Overuse Injury Follow-up

Updated: Jul 31, 2017
  • Author: Scott R Laker, MD; Chief Editor: Consuelo T Lorenzo, MD  more...
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Follow-up

Deterrence/Prevention

Minimizing repetition when possible, optimizing techniques within the offending activity, minimizing vibration and force, and avoiding awkward positioning are the first steps in prevention.

Improving job satisfaction, as well as teaching stress management techniques and coping skills, has led to some decrease in repetitive stress injuries.

Athletes may require an expert evaluation of their techniques in order to determine any modifications that can be used. Proper-fitting equipment is also crucial in preventing overuse injury. Foot orthoses can reduce the injury rate in the lower limbs. [31]

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Prognosis

Most overuse injuries resolve after 3-6 months. However, unless the offending causes are addressed, recurrences are quite common. Patient motivation and commitment to prevention are key to rehabilitating these injuries.

Home exercise programs tailored to the individual's biomechanics are another important facet of treatment.

Recovery after surgery varies depending on the procedure.

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Patient Education

Education is an indispensable part of the treatment program for patients with overuse injuries. For several reasons, the interested patient should receive as detailed an explanation of the diagnosis and the treatment program as possible.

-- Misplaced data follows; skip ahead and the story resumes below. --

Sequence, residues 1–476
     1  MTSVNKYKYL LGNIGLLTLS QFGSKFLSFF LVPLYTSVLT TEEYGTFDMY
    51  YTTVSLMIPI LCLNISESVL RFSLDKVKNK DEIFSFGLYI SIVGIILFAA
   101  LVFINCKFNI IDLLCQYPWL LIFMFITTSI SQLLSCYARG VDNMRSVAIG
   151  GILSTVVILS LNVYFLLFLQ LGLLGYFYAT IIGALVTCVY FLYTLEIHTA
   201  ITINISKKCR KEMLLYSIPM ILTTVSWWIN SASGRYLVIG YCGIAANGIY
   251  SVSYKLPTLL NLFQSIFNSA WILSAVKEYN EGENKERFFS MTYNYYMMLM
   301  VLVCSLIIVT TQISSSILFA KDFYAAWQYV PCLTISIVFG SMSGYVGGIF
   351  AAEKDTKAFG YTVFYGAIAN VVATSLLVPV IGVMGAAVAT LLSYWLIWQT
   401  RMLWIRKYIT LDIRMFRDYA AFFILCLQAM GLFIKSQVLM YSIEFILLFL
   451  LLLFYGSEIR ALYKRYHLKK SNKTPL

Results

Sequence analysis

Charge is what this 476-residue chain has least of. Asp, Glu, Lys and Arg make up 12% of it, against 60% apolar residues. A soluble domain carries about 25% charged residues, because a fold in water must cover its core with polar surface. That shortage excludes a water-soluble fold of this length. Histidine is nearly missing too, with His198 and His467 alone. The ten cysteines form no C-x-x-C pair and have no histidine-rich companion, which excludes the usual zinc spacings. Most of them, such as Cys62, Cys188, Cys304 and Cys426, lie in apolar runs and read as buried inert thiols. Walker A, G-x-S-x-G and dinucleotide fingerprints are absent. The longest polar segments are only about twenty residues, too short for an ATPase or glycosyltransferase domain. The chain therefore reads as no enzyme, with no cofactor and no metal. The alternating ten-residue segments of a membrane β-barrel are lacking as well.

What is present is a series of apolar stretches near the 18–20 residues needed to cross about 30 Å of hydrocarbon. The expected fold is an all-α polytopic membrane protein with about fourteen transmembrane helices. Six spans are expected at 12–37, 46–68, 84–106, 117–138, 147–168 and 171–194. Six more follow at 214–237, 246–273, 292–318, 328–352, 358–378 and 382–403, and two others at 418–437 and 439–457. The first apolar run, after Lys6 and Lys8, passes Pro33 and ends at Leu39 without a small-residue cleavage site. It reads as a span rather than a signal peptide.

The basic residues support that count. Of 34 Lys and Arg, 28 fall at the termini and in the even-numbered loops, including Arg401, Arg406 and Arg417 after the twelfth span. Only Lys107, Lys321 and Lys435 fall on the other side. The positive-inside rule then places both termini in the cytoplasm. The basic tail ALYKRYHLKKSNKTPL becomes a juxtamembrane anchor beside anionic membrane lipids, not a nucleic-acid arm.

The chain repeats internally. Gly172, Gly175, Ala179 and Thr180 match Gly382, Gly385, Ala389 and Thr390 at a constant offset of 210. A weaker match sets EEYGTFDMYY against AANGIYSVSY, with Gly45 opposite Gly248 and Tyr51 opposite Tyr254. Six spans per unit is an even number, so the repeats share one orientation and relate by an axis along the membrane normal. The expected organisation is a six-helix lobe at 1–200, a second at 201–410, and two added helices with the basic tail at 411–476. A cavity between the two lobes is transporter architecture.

• Conveying this information establishes patient confidence that the physician is knowledgeable and trustworthy. Without this confidence, the patient is likely to seek help elsewhere or may not adhere to the recommended treatment program.
  • Patients also should agree with the physician's explanation of the problem so that they will participate appropriately in the intervention program. If a patient does not believe in an allopathic explanation of his/her disorder, the patient is unlikely to participate effectively in an allopathic treatment program
  • Education also gives patients reasonable expectations of the interventions planned and of their own responsibility to follow recommendations at home (eg, activity modification, exercise).

The causes and prevention of overuse injuries must be explicated, and it is appropriate to state that this is an area of some controversy within the medical community. For athletes and performing artists, who generally are people who are highly motivated to resume the offending activity as soon as possible, emphasis must be placed on the long-term consequences of returning to their activities too early. For those with probable secondary-gain issues, the physical and psychological complications of lack of activity must be emphasized.

For patient education resources, see the First Aid and Injuries Center. Also, see the patient education articles Repetitive Motion Injuries and Sprains and Strains.

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